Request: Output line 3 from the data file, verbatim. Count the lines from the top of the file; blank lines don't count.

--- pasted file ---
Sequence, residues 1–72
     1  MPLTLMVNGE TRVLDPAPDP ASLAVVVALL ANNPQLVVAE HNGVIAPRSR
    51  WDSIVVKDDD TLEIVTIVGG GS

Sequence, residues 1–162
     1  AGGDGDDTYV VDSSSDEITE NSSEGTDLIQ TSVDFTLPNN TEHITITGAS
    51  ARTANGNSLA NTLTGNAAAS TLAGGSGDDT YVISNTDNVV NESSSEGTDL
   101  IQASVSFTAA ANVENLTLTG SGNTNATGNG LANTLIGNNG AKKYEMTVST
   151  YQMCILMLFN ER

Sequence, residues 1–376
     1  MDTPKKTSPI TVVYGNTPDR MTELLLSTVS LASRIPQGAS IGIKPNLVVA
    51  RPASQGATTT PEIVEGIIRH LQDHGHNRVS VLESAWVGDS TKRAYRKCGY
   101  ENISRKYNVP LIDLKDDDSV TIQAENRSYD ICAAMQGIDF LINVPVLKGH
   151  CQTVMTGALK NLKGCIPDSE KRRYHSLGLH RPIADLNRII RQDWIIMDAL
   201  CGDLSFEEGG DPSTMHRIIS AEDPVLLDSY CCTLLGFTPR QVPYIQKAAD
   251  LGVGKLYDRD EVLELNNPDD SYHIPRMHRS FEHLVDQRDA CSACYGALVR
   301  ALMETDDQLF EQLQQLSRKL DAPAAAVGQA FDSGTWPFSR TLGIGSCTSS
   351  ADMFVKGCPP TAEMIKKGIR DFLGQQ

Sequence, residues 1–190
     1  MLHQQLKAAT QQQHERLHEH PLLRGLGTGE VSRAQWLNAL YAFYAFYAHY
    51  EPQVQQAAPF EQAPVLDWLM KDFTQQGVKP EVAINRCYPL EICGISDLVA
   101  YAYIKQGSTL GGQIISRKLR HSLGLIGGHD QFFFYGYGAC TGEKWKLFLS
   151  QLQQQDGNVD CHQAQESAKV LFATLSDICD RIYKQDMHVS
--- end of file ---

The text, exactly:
    51  WDSIVVKDDD TLEIVTIVGG GS